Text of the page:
Musings on the worlds of aviation, military and international affairs.
With reviews of books that cover these topics
Joys of War
From the Foreign Legion, the SAS into Hell with PTSD
John-Paul Jordan Pen & Sword, 2019
Well Jordan has led an interesting life, that is for sure. This is certainly not your average military autobiography. Few Brits join the French Foreign Legion. Indeed Jordan is not a Brit. Aged 19 he joins up having had a childhood in a fractured Irish family. It did not last long. He reverted to his previous trade of stonemason , and aged 26 decided to apply for 21 SAS, the reservist battalion. The gruelling selection process is described in morbid detail. In March 2008 he was mobilised for Op Herrick (Afghanistan, but not with 21; he is hazy about what unit he did deploy with.
The main handicap of this book is that Jordan’s prose style is like that found in a lad’s mag – a genre that has now rather passed its peak. In my opinion this style will grate with a good proportion of the book’s potential readership. He enjoyed combat, and, by his account, was good at it. Jordan gives the reader a good feel of the boot on the ground infantry campaign there. That is to say - as I understand it - SODtm was in theatre at broadly the same time. However Jordan harvested an arm injury, and returned to the UK in June 2010.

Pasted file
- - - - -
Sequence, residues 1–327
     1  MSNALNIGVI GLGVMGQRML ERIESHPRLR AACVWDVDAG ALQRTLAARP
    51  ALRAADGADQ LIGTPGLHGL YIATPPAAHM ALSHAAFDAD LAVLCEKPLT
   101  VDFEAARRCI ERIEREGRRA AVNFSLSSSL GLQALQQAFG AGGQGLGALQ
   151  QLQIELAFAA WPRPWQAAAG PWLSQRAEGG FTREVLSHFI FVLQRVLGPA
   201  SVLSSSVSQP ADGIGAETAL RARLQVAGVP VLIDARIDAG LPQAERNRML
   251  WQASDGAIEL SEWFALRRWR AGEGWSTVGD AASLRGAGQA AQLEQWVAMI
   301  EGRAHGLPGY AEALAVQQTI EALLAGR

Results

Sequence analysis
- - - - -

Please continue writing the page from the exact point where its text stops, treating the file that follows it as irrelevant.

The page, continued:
This eventually required surgery; in an extraordinarily depressing saga (for those who are in or support the British military), this is to take place in a private hospital, yet the MoD had not authorised payment by the time he arrived. Within hours of the operation he was decanted into a cheap hotel nearby.
Alcohol is a strong undercurrent of this book, and Jordan descends into a boozy oblivion once his mental injuries start to manifest themselves. Eventually he ends up in the hands of the leading military mental welfare charity, Combat Stress. Now Combat Stress has a generally good reputation for its work; yet Jordan lambasts it (or “gives it a good kicking”, as he might have termed it).
The last few pages of this slim volume (127 pp) are in essence a mental self-help manual. As I said earlier – not your average military autobiography. And not in my top 20 of the genre. For an exposition of Afghan-induced mental health issues I would recommend the much more literate Jake’s War.